Growing up in a small town outside Frankfurt, Germany, Julian Scheibel treasured the hours he spent with
his grandmother, exploring the forest and
together collecting porcini and chanterelle
mushrooms they’d later sell at the local
market. When his grandmother asked what
he wanted to be when he grew up, he pre-
dictably told her, “Firefighter or astronaut,”
to which she’d ask, “Why don’t you want to
be a chef?”
One market day, Julian and his grand-
mother found themselves selling their mush-
rooms to chefs in their restaurant kitchens.
“These cursing chefs in their bandanas
looked like pirates and it was a totally differ-
ent world and I was hooked,” he said. “I told
my grandma, ‘Okay, I’ll become a chef.’ And
that was how I got dragged into cooking.”
He also worked for an uncle with a huge
catering company where they’d feed typical
German fare to 600 people at a time.
“It wasn’t what I expected, so my uncle
called his friend Wolfgang Becker who just
happens to own a two-star Michelin restau-
rant in Trier, Germany.”
Going from bratwurst and schnitzel to
truffles and fois gras was exactly what he
was looking for.
“Fine dining is where I fell in love,”
At 16, he attended the Hotelier and
Gastronomy school in Butzbach, Germa-
ny; numerous awards followed, but it was
during a culinary competition where he
met his future wife, Julie, from Charleston,
S.C. After a long-distance romance, Julian
moved to her hometown, working in an
call: chef Jonathan Jerusalmy, Sea Island’s
culinary director, offered Scheibel the
position of Chef de Partie of the Georgian
Room, the only Forbes Five-Star restaurant
His wife, by the way, is one of the pastry
chefs at the Lodge at Sea Island.
He admits that taking over the Georgian
Room at 25 “made people a little nervous.
They wondered if I could handle the pres-
sure and protect their Five Diamond and
Five-Star awards. And, I admit that at first I
was a bit intense for America, but I’m pas-
sionate about what I do. I wanted to make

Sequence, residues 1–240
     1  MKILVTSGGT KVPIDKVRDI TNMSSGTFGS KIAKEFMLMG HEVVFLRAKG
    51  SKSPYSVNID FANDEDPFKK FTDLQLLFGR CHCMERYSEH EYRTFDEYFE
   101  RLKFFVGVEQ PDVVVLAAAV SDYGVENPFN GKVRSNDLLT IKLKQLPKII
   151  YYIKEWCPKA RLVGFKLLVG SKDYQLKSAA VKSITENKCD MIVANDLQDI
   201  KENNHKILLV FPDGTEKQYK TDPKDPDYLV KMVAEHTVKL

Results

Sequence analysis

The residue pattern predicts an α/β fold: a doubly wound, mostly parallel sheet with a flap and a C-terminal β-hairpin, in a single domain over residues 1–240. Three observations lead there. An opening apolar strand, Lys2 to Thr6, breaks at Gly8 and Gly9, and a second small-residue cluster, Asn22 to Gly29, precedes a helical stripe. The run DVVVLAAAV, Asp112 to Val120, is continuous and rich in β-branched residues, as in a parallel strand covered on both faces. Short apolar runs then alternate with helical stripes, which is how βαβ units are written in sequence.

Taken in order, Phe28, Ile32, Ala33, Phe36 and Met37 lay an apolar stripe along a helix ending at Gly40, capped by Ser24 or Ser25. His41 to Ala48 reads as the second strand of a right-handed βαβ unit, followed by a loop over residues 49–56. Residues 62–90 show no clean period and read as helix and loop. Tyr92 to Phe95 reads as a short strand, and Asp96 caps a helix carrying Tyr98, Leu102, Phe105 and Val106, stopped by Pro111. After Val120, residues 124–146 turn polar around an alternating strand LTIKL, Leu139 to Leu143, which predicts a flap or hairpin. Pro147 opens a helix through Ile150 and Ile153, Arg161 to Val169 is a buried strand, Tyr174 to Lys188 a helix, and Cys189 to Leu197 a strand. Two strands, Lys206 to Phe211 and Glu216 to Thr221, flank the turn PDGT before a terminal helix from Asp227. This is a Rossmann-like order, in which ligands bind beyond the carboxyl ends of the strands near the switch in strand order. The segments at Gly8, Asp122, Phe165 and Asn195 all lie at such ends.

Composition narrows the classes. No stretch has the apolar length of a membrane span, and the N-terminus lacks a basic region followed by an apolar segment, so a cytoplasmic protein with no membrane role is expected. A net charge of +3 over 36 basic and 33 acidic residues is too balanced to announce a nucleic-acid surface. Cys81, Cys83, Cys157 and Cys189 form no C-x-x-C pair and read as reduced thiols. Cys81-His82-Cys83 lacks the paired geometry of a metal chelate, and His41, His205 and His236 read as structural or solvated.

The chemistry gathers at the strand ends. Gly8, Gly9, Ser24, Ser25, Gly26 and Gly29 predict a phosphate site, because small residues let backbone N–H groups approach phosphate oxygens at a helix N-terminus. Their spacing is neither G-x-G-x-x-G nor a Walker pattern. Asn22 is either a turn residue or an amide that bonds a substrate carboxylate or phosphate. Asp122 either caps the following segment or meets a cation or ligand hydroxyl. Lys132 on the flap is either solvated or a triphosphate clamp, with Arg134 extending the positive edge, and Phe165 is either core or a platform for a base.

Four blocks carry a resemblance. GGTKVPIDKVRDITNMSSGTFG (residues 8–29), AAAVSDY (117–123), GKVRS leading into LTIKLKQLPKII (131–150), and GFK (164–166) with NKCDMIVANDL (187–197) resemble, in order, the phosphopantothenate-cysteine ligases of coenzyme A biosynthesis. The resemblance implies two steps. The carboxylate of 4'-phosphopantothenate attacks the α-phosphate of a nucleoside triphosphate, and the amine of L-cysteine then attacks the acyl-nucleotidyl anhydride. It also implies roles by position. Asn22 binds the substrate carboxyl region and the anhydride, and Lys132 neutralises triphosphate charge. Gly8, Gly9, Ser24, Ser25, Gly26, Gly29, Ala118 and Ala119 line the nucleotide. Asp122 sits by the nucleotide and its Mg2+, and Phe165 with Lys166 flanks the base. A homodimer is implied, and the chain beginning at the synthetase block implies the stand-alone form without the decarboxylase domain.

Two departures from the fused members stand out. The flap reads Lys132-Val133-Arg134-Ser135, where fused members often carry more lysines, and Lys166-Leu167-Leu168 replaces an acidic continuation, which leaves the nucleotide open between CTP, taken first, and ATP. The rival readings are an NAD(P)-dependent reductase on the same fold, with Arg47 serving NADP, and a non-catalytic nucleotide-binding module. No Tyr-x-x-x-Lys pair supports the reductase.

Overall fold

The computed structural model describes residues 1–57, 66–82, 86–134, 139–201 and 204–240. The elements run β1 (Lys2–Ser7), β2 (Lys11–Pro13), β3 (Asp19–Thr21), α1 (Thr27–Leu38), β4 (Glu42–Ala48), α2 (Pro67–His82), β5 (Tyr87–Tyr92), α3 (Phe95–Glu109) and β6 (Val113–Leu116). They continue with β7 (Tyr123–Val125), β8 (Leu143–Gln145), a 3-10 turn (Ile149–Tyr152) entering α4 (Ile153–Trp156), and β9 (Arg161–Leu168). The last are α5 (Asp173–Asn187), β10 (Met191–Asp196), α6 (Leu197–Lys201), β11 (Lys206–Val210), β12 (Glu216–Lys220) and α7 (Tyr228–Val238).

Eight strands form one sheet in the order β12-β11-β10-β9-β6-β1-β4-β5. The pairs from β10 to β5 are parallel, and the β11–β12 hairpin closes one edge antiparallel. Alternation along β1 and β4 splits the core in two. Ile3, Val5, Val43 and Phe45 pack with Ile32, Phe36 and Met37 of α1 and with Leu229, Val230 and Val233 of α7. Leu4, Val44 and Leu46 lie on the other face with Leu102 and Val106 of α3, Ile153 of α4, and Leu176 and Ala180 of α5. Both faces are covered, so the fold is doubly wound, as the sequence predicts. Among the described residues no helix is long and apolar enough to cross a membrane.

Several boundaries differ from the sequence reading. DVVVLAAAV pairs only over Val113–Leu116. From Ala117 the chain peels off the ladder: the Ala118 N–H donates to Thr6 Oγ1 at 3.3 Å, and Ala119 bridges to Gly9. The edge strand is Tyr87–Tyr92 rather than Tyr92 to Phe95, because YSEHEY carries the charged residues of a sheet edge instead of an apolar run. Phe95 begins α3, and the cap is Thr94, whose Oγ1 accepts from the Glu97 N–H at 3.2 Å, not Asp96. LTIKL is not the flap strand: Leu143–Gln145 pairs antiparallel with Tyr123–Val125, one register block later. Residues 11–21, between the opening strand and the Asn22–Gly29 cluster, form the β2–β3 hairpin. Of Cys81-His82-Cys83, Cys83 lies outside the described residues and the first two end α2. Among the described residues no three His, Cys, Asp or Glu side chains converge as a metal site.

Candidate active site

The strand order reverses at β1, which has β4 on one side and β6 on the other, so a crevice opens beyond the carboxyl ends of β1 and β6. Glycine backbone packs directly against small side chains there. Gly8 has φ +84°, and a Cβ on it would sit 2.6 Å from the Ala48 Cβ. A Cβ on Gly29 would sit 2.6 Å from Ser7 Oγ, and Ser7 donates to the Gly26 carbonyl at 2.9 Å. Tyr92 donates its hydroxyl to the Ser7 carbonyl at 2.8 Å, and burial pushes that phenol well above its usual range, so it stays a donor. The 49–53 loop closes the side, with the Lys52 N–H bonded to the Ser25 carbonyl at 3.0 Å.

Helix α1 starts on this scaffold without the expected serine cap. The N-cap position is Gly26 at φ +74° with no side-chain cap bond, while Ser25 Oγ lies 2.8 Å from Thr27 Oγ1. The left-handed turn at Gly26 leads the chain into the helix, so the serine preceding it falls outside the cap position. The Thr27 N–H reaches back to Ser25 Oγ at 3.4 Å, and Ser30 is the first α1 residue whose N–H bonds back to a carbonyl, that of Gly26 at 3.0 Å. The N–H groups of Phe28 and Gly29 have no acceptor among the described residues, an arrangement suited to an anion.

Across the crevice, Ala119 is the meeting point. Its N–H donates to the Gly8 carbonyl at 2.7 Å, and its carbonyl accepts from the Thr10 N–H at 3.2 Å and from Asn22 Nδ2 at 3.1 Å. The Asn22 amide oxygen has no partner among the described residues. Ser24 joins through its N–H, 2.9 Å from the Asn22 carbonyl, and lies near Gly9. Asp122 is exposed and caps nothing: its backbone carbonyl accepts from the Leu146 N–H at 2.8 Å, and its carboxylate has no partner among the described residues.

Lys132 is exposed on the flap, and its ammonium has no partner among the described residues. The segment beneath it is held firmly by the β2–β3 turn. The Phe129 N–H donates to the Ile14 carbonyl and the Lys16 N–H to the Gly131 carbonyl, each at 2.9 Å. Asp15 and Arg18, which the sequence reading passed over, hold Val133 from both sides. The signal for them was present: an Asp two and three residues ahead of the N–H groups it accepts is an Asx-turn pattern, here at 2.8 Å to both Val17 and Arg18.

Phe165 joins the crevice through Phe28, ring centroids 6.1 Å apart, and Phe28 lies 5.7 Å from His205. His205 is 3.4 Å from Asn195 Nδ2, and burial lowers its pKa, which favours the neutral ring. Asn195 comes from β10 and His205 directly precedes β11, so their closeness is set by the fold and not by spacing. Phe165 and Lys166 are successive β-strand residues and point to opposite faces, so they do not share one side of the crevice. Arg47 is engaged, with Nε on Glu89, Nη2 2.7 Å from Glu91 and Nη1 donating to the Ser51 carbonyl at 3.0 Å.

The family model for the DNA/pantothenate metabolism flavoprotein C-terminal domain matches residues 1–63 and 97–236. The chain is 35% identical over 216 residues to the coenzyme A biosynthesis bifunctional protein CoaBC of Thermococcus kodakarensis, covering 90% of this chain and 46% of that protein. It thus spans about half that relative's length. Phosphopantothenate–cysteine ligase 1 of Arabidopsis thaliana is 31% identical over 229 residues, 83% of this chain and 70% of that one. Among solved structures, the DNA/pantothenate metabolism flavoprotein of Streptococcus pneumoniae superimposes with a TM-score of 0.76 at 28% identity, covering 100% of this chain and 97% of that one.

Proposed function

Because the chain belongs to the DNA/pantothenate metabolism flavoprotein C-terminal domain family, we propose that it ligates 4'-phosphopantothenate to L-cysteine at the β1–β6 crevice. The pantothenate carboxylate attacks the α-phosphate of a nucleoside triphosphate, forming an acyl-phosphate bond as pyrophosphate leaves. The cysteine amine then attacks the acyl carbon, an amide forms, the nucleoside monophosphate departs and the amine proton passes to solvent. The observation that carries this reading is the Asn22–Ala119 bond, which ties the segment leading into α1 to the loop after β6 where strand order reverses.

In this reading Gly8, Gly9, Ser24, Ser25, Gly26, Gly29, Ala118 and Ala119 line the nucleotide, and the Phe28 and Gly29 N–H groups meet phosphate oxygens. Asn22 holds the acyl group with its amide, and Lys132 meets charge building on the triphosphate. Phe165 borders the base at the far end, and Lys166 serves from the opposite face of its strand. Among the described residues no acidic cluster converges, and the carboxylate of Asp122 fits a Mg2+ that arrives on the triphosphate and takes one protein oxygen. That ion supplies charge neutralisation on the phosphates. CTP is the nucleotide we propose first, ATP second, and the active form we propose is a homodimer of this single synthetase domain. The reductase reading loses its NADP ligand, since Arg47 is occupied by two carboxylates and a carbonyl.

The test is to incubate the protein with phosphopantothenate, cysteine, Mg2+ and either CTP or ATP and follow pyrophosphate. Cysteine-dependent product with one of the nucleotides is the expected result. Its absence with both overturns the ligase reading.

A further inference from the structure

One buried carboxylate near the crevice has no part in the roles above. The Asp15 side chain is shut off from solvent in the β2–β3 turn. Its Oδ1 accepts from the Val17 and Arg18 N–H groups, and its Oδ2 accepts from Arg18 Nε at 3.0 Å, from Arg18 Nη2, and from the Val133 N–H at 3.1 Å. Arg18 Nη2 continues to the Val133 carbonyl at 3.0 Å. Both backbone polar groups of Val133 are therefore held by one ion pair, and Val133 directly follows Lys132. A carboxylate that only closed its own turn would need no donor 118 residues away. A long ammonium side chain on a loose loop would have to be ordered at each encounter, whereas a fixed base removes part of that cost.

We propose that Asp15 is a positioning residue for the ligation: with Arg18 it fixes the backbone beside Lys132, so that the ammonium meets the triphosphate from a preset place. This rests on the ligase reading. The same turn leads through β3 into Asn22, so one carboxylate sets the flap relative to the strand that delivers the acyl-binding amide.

changes right away but change sometimes
has to come slowly; you have to make your
guests feel comfortable.”
At the Georgian Room, Scheibel is com-
mitted to making everyone feel special.
“They come to the restaurant to celebrate, and it’s no different for meeting
groups,” he said. “Expectations are higher
these days for a five-star restaurant, and
we want planners very involved. We want
to make their life easier. Give me as much
information as you can and we will blow
you away with our food.”
The Georgian Room seats 88 and also offers
cooking schools for groups of six to 20.
Chef Scheibel talks about some signature dishes, like waygu beef, diver scallops
and the “perfect egg,” a decadent dish of
creamed spinach topped with scrambled
eggs, whipped with French butter, cream
and other delicacies, and served in a
hollowed out egg atop a bit of hay, which is
then placed in an egg carton.
“We took it off the menu but put it back
because it was the most requested appetizer,” Scheibel said.
They’ve also filled unique requests: “One
guest, who had never been to the South,
wanted to taste shrimp and grits. This is not
normally what we do in the Georgian Room.
“We chefs sometimes feel like superstars,
but it’s not about us, it’s about the guest,”
1 tbs. salted French butter
3. 5 tbs. sherry
1/2 cup sunchokes
3/4 baby spinach
1/2 cup cream
JULIAN SCHEIBEL // CHEF DE CUISINE
GEORGIAN ROOM AT THE CLOISTER, SEA ISLAND RESORT // SEA ISLAND, GA.
By Jennifer Juergens
MAKES 2 // SERVES 2
Cut shallots into small cubes
and saute with a little butter.
After golden brown, add sherry
to the shallots and reduce by half and add 1/3 of the cream to the reduction and reduce again by half. Add the spinach and cook for 30 seconds. Take the eggs and separate 2. Take 2 egg yolks and 1 whole egg and mix to give the scrambled egg a deeper flavor. Add some butter in the pan and add the egg mix to it. Heat it up slowly under constant whisking and add 1.5 tbs. butter and cream. Season with black pepper, salt and nutmeg. Boil sunchokes in salty water. When it becomes soft, strain it from the water and crush with a fork to make a smash. Season with salt, a little bit of butter and cream. Place the sunchoke puree on plate, add creamed sherry spinach and top with scrambled egg.